The 1983 comedy movie 'Trading Places' should be required viewing for those with a taste for investing in commodity markets. Now I've got your attention ...
Orange juice futures, or to go by their official market designation -- Frozen Concentrated Orange Juice (FCOJ) -- take centre stage towards the movie's denouement as the conniving Duke brothers, Mortimer and Randolph, unlawfully obtain an advance copy of an official orange crop report to help them corner the market.
Like the typical Hollywood movie it is, 'Trading Places' takes some artistic liberties. Still, it does have an important message about the brightly colored citrus fruit. This is a commodity that's highly susceptible to the vagaries of what the Mother Nature throws at it.
That's why hurricane season invariably creates parallel storms in the FCOJ pits. The juice really gets squeezed at this time of year as tropical storms and hurricanes rampage across the U.S. Gulf, threatening the orange crops in Florida.
But that volatility can create trading opportunities. Former orange juice futures trader Kevin Kerr points out: "Whether it's hurricanes off the coast of Florida or a hard freeze in January, juice can offer some good volatility for the trader looking to cash in." OJ (and I don't mean the disgraced OJ), is a weather-driven market, Kerr says on Dailyreckoning.com. "A hurricane, or even the threat of one, or a hard freeze in central Florida can send this market reeling."
This year, supply is shaping up well despite storm activity. Private forecaster Elizabeth Steger predicts that the Florida 2007/08 citrus harvest will be as high as 200 million (90-pound) boxes. That's well above than market expectations for a crop of as much as 180 million. The bearish above consensus forecast pushed New York Board of Trade's September orange juice futures contract down 9.95 cents to a seven-week low of $1.2175 a pound in mid-August.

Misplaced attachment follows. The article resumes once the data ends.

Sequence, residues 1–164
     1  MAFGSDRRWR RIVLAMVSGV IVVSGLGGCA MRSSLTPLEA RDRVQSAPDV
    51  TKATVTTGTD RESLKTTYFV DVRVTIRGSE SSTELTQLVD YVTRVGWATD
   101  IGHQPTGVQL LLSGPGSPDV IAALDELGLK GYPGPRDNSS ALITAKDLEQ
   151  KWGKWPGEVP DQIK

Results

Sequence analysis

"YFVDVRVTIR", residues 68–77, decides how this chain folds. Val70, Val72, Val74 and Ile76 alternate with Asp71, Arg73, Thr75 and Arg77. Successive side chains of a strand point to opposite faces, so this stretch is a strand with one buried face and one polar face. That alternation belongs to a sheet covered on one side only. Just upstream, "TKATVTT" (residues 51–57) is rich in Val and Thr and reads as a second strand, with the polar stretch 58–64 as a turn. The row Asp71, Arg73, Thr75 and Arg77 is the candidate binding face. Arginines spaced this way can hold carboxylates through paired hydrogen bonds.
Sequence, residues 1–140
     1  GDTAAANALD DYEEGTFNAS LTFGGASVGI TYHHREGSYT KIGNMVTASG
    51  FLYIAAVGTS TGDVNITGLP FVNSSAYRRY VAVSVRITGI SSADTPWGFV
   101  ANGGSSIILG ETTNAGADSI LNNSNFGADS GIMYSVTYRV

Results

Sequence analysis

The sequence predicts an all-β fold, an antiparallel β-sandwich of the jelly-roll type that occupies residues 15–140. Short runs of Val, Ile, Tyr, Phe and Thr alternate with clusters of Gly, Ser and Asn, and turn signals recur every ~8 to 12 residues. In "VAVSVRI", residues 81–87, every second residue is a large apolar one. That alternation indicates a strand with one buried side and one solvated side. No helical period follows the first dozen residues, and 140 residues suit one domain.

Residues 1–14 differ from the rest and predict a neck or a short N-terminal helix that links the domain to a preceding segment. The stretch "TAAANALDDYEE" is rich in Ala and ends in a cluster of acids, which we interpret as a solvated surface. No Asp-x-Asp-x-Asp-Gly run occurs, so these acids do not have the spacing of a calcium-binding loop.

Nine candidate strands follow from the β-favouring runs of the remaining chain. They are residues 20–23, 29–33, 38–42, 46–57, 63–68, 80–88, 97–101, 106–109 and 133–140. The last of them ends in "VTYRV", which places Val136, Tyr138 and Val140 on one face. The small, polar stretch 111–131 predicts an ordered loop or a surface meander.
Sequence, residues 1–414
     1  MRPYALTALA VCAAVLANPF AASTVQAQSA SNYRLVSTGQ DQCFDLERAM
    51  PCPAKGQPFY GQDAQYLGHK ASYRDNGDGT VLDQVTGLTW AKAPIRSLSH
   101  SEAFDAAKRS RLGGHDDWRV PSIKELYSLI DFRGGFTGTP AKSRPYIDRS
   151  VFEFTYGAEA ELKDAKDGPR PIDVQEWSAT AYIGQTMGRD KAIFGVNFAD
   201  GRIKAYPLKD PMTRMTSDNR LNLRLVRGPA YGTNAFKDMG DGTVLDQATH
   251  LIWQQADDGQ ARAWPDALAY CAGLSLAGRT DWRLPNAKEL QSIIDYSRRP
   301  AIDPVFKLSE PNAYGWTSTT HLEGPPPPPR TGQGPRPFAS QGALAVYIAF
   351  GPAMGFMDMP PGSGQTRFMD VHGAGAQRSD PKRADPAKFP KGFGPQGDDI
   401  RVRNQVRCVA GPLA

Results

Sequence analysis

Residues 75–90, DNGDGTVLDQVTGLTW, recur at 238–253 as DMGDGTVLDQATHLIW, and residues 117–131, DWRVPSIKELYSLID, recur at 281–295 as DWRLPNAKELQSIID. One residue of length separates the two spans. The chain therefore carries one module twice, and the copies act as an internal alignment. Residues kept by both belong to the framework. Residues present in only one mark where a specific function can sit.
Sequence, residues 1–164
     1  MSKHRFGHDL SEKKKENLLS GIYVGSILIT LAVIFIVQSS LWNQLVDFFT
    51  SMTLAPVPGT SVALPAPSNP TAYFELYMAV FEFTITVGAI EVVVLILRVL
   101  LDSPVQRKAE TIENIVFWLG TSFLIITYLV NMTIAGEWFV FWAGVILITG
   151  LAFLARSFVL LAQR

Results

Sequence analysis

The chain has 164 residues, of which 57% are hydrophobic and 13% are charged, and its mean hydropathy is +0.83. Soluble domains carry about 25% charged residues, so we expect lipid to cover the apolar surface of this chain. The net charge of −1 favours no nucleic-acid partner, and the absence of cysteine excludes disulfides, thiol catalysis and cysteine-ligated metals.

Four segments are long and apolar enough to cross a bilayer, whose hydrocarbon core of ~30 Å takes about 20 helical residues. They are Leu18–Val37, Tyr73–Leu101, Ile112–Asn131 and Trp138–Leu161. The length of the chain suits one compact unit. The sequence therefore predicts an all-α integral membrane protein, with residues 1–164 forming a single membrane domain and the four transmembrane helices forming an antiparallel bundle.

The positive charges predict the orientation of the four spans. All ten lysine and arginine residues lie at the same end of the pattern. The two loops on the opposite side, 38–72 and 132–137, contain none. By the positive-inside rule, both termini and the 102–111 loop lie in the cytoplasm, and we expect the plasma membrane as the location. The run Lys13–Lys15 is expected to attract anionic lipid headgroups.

Positive news for supply perhaps, but the picture could change dramatically should the weather take a turn for the worse and if the hurricane season takes on a much more violent tone.
The bottom line -- watch those weather forecasts closely. You can be sure commodity traders will be doing the same. Some will even turn into armchair meteorologists as the vagaries of the weather dominate market psychology.
Pour Me That OJ!
Demand-wise, China's consumption for the current market year is looking strong. The U.S. Department of Agriculture forecasts consumption will rise about 18% from last year. That means juicy returns for Brazilian orange growers since the South American producer is China's primary supplier. Brazil also looks well placed to keep up with any additional demand from consumers. Forecasters say the country's orange crop, which accounts for about 80% of the international market, is progressing well with yields in line with projections. The prospect of bumper crops will likely bring more pressure to bear on juice futures in New York that are already off their near 30-year high.
Moving on, it's worth addressing the volatility in global markets and the risk aversion that created. Commodity markets - orange juice included -- haven't been spared the turmoil. A quick glance at the Reuters-Jefferies CRB Index, a basket of 19 commodity futures widely watched by economists and traders, dropped to a six-month low on August 16 before unofficially closing down 3.4% at 301.27.
Investors scrambled for the exits as commodities were swept up in the global rush out of risky investments and into the safety of cash. Analysts are predicting more money to flow out of commodities in the weeks to come. "Hedge funds are sort of gearing up to the expectation that they'll get a lot of redemption notices over the next few weeks and that during the course of September they're going to have to be liquidating positions in order to free up cash to meet those redemption notices," Reuters cited Jeffrey Christian, managing director at commodity research firm CPM Group, as saying.
What this flight tells us is even if a commodity's fundamentals are looking solid, confidence in the broader financial markets, best described as shaky right now, will often dominate investor actions. It may not be just the juice that gets squeezed.
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